“I’m not afraid of storms, for I’m learning how to sail my ship.”
— Louisa May Alcott
Practical ways to cope with the fear and panic
Fear is a predator! If it senses any chink in the armor it will pounce!
Claustrophobia is a type of anxiety disorder. It is characterized by the fear of and avoidance of confined spaces.
As a person who knows what it feels like to wrestle with this dreaded evil, I utilize some practical ways of subduing this beast without the use of medicine.
In many of my day-to-day activities, I am forced to use the elevator at my place of work. The thought of having to use an elevator causes my heart rate to accelerate and beads of sweat on my brow. If there is someone else in the elevator with me I can handle the anxiety better.
When I find myself alone in that elevator fear begins to unfurl on the inside creating a tornado of anxiety, with the potential to leave nothing but debris in its wake.
It feels like a tomb and I fear the doors will never reopen.
I imagine my co-workers finding me in a whimpering heap on the floor of the elevator. Not a comforting thought in my position.
I will go to any lengths to avoid the triggers unless there is no other recourse.
Phobias generally develop during childhood or our teenage years and manifest by the avoidance of small and confined spaces. Phobias create the belief that ‘something awful’ will happen if you remain in that situation. Your flight or fight response is activated with physical symptoms such as: —
- dry mouth
- Sweaty palms
- Wobbly legs
- Pressure in the head
- Getting hot or cold
- Racing heart
- The feeling of dread or terror
Your thinking becomes clouded and you are consumed with one thought — ‘I’ve got to get out!’.
Emotionally, the person feels great fear and trepidation and has a sense of dread and doom.
How is it diagnosed?
Claustrophobia is characterized in one of four ways.
Though a definitive cause is not known, many people who experience claustrophobia may find its origins stem from a single incident or trauma. They may experience symptoms from getting trapped in an elevator, locked in a cupboard by a sibling, etc., which triggered their anxiety. Some other etiologies may be:-
- A traumatic birth event
- A learned behavior
- The result of a difficult life situation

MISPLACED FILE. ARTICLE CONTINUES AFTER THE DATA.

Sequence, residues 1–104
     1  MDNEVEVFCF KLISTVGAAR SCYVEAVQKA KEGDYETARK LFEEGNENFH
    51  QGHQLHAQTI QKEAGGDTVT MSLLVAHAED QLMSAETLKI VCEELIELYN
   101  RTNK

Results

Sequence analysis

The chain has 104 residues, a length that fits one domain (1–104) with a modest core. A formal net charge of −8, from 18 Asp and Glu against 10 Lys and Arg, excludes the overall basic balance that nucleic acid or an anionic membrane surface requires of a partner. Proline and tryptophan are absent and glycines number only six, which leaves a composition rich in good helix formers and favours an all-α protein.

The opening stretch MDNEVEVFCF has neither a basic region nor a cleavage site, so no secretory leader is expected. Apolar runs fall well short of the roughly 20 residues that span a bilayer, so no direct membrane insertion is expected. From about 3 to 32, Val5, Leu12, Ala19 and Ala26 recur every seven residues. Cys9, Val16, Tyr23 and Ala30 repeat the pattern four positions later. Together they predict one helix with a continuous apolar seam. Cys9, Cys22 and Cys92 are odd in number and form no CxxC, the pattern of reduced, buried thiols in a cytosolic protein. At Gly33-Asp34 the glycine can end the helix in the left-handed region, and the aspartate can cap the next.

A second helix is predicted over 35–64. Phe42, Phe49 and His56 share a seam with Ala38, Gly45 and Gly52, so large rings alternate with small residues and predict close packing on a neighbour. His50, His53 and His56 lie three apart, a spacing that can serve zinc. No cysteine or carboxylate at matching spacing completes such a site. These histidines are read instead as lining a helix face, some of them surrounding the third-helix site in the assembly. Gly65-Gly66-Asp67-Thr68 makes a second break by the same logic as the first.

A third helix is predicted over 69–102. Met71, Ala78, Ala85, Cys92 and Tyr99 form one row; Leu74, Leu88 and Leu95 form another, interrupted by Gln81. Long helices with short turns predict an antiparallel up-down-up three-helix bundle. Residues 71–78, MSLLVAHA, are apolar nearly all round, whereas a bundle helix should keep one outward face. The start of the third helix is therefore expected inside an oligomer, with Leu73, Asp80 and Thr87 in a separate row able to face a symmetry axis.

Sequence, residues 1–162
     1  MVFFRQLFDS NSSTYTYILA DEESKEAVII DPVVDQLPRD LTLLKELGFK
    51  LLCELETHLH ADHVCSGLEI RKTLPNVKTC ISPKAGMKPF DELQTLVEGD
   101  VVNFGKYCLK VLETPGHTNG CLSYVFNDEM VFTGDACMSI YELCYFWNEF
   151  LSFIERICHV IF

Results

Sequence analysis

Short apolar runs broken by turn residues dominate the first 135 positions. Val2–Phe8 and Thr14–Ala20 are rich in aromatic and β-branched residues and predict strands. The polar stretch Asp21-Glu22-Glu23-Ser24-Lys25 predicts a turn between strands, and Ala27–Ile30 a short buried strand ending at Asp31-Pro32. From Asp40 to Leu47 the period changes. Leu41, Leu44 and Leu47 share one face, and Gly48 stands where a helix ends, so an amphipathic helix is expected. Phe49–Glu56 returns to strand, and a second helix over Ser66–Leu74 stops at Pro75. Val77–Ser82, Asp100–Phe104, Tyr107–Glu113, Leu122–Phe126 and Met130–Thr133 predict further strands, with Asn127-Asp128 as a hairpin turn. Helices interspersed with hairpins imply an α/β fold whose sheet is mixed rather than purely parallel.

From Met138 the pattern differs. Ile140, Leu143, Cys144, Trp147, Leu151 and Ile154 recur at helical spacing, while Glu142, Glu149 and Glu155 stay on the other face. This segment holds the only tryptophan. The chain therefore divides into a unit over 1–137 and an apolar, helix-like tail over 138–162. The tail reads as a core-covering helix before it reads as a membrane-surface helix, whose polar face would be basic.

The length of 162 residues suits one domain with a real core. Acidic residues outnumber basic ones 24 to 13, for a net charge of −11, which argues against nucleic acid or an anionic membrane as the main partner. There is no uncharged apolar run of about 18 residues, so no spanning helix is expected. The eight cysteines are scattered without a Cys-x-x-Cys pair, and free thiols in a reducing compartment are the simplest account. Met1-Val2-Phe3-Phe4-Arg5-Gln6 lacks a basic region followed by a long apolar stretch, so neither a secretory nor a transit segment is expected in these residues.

- A symptom of generalized anxiety disorder
Ways I cope with the dread: —
- Always have my charged cell phone with me.
- I pray to calm my mind.
- I try to ride with others.
- Find something interesting to read/listen to on the ride up and down.
- Think calming thoughts, (go to your happy place).
- I take the stairs if at all possible.
- Locate exit doors in a room
- Medication is always an available option as well.
I cannot pinpoint the origins of my phobia. The only causative factor for me could be birth trauma. According to totalhealth.co.uk a traumatic birth could result in a “body memory”. A “body memory” is an innate consciousness in the construction of different short-term body images and provides real-time information about the posture and location of our bodies.
My mom recalls mine was a long and difficult labor. Perhaps being stuck in the birth canal could be a possible cause of the anxiety disorder.
Whatever its origins, one option is to try to recognize the triggers and manage them before they become a full-blown issue. Employ the above strategies and try to calm yourself as much as you can. Have your cellular device with you at all times and try to engage yourself in something interesting.
I feel that having my cell with me enables me to at least call for help and not feel so helpless or alone.
I employ these strategies, pray that the elevator ride goes quickly, and breathe a sigh of relief as the door begins to open.
Please feel free to share any tips you use in coping with fear and panic.
Thank you for reading.